Life’s not going to get any easier for Kris Jenkins. The secret is out. He’s one of the NFL’s most disruptive forces whenever he’s on the field.
The New York Jets’ big man in the middle is going to find himself being schemed against more often than ever before.
It’s a trend that took form after the Jets’ ended the Titans’ win-streak in 2008, and it’s something teams may consider improving upon in 2009.
Through the first 12 weeks of the season, Jenkins’ play set the tone for the Jets’ defense. Running plays were stopped cold as soon as they reached Jenkins reach. According to KC Joyner’s recent article in the New York Times, Jenkins dominated offensive lines at the point-of-attack, as the defense allowed a mere 2.5 yards per carry in runs up the middle.
But when he wasn’t playing, it absolutely showed. Sione Pouha was used as relief for Jenkins and only proved to lack all of the truly disruptive qualities that Jenkins brought to the field.
Joyner writes, “The notable item is that opposing teams were a lot more willing to try running at Jenkins. He faced an average of 5.6 (point-of-attack) runs in the Jets’ first 11 games and then saw over 10 POA runs per game down the stretch.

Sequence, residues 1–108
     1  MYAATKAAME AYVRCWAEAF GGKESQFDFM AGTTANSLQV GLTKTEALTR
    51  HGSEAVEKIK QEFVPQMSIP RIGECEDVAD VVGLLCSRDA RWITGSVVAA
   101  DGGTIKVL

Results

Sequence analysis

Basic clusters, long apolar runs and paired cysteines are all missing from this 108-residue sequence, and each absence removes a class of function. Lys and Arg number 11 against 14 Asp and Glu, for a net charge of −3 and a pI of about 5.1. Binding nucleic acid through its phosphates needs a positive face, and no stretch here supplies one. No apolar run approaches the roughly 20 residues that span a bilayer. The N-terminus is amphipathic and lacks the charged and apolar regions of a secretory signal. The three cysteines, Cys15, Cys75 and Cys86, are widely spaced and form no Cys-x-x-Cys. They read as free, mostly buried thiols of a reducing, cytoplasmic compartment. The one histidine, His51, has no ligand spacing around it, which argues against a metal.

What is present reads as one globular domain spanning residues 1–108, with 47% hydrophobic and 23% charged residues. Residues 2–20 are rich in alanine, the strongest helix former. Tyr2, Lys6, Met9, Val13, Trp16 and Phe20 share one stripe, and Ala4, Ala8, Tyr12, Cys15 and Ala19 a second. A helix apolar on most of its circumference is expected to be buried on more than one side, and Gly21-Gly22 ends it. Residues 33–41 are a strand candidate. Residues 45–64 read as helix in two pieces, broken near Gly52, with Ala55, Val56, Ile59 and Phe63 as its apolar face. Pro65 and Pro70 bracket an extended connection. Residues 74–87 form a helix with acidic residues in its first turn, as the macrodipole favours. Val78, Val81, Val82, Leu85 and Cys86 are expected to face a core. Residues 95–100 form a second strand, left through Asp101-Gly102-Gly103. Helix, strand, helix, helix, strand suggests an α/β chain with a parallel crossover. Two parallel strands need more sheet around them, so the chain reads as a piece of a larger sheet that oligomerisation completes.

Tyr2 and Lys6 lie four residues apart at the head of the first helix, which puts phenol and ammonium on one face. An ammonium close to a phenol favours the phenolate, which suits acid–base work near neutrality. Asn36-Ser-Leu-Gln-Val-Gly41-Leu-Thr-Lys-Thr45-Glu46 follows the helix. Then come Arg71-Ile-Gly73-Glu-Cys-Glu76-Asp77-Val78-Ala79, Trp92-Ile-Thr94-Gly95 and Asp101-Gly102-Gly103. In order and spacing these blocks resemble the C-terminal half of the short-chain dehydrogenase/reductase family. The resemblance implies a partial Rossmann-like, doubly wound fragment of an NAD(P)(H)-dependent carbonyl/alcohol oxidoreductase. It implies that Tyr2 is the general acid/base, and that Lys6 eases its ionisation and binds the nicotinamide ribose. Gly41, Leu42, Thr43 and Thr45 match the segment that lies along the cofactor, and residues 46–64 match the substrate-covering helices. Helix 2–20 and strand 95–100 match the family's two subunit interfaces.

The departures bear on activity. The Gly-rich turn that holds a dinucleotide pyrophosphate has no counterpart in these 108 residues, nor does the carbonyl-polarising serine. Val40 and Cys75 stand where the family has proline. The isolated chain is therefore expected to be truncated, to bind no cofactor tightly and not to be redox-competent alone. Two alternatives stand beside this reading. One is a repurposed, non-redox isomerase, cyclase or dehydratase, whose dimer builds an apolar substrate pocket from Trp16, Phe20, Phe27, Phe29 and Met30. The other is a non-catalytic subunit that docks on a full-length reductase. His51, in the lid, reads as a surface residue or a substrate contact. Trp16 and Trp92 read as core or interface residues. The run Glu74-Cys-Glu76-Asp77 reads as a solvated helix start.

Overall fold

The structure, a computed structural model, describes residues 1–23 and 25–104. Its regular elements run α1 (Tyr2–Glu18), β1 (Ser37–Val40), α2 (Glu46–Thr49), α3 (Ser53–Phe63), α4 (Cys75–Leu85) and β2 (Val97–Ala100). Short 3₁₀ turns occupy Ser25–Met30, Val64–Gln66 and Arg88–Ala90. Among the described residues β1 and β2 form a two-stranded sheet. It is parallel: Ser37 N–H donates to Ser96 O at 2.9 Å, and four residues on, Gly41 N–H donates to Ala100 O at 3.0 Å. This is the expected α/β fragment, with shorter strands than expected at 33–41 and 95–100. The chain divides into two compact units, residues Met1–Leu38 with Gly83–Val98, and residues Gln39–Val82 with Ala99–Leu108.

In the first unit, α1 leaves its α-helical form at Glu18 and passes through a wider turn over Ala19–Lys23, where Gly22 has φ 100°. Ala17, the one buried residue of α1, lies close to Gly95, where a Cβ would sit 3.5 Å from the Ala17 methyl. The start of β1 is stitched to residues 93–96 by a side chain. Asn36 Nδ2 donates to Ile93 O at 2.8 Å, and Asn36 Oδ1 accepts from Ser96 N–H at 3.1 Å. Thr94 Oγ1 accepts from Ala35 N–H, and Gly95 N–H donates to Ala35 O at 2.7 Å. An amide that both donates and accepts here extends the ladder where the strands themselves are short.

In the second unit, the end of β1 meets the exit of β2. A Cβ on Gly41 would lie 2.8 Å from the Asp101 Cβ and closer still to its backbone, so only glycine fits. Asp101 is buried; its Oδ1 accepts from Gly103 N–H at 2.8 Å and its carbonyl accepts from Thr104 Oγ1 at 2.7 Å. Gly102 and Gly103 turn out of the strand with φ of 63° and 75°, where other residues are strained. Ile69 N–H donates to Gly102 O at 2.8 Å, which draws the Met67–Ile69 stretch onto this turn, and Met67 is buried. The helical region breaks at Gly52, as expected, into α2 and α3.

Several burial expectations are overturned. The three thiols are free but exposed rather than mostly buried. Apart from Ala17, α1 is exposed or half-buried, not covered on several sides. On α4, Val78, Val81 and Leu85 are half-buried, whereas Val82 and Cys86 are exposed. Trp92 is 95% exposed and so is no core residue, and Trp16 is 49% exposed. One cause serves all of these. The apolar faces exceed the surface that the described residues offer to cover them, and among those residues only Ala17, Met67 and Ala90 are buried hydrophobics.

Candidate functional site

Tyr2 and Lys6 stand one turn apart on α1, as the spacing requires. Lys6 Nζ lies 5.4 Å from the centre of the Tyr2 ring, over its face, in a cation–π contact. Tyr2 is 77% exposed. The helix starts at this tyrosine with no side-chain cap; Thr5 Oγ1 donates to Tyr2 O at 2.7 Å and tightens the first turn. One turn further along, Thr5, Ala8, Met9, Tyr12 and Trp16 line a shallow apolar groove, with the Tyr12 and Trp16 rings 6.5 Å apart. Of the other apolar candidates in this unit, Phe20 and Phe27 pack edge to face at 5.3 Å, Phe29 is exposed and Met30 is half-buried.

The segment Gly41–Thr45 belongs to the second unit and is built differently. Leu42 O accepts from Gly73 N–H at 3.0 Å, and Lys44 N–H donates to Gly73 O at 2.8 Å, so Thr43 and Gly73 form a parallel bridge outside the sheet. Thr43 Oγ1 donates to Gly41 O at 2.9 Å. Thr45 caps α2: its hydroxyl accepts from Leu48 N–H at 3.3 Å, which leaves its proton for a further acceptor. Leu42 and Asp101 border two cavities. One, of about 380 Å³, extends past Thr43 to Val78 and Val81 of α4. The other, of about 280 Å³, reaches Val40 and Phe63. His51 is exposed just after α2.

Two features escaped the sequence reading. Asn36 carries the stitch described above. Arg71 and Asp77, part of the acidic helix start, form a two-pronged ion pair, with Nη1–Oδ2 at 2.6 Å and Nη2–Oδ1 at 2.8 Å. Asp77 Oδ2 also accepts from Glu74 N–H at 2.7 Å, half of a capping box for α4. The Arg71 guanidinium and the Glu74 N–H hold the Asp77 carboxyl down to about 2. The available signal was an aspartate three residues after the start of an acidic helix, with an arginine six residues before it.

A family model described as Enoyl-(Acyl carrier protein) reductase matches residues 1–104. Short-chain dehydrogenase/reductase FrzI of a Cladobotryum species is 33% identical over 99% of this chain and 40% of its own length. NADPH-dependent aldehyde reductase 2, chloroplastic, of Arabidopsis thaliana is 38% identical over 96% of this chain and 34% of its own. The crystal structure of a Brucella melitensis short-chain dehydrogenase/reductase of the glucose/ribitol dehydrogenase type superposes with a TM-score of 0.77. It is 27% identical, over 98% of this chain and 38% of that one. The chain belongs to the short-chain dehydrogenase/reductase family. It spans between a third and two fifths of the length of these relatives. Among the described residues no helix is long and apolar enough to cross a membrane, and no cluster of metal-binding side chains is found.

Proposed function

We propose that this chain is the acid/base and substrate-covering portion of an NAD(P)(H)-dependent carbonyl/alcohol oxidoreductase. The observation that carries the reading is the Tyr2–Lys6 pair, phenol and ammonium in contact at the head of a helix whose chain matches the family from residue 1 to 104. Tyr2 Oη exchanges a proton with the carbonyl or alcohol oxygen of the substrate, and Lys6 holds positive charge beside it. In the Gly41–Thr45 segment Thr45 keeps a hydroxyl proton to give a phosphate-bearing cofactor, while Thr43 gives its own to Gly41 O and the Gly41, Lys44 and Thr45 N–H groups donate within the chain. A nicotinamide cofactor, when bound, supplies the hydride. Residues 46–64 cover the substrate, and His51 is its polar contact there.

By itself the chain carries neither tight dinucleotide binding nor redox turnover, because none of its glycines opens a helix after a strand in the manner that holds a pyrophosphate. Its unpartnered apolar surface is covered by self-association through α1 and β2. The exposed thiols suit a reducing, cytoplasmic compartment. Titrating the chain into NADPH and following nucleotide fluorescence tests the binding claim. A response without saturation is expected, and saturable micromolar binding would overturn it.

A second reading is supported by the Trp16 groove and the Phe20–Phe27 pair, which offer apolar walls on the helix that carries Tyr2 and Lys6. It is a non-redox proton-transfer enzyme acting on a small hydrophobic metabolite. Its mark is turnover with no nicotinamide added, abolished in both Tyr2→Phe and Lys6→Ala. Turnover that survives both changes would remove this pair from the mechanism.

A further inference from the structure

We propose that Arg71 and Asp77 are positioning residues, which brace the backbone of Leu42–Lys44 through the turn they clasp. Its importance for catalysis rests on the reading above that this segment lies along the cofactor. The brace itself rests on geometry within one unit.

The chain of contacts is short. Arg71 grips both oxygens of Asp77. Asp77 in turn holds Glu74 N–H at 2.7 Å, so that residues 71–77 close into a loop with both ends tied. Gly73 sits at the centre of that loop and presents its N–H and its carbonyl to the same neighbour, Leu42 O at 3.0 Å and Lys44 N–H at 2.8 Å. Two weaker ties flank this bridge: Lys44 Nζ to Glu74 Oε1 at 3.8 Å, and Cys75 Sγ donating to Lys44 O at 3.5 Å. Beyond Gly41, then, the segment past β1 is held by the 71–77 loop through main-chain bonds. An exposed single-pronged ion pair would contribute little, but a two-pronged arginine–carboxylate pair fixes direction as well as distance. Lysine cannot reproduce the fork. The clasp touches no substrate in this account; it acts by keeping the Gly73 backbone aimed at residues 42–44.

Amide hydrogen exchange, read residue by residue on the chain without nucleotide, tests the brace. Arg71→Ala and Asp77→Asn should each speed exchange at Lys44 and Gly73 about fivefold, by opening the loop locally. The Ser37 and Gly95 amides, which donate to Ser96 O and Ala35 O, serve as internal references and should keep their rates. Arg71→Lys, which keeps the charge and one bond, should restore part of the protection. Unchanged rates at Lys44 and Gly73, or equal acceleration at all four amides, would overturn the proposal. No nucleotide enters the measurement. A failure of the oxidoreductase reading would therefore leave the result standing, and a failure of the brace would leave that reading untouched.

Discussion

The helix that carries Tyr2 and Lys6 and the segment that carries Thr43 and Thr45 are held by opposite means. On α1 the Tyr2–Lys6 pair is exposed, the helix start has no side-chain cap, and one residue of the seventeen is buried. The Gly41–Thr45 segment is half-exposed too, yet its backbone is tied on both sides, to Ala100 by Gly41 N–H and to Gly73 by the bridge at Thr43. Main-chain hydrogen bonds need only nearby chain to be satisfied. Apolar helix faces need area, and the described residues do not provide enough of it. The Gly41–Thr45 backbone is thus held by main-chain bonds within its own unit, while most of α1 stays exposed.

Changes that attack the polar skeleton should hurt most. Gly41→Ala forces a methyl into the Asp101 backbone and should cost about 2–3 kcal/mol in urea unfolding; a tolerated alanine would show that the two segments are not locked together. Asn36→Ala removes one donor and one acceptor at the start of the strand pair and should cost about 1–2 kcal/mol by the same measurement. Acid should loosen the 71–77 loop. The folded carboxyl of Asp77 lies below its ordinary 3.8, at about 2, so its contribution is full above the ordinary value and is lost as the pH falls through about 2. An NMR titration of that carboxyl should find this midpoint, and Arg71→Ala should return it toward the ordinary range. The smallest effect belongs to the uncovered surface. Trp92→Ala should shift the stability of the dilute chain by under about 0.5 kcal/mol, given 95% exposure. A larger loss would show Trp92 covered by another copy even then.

“That wasn’t an anomaly of a couple of games throwing off the total, either, as the minimum number of POA runs he faced in a single game in Weeks 13-17 was nine.”
It wasn’t only Jenkins who was being directly challenged, but ex-coach Eric Mangini’s defensive philosophies. While Jenkins was still stout against the run, the team gave up 3.6 yards per carry during the final five-game collapse. It was Mangini’s inability to adjust that exposed Jenkins to new offensive schemes.
No one should expect opposing teams to deviate from a strategy that neutralized a Pro Bowl defender.
Given Jenkins’ size (6’4″, 360 lbs), it’s also important to consider the constant contact he takes at his position and how his injury impacts his production. Suffering from a herniated disk, the pain and discomfort Jenkins undoubtedly experiences is a strain on how he’d like to actually perform.
Looking to add depth to the defensive tackle position, the Jets hit the free agent market and signed Howard Green away from the Seattle Seahawks. But his contributions can’t be expected to equal those of Jenkins.
At 30 years of age, Green has recorded a meager 38 tackles in a five-season career with the Jets being his fifth team. Spending some time out of the NFL and struggling to find the field when he was with a team doesn’t inspire the utmost confidence as a suitable backup to Jenkins.
This is where Rex Ryan’s reputation must reign supreme. Finding the right formula to preserve Pro Bowl caliber talent while maintaing defensive efficiency is of the absolute essence.
The attack-style defense Ryan promises should provide immediate relief for Jenkins from the linebackers, as Mangini’s read-and-react approach left him more exposed to blockers with no immediate support from behind.
The addition of Bart Scott should only make run stuffing easier for Jenkins and the entire defense.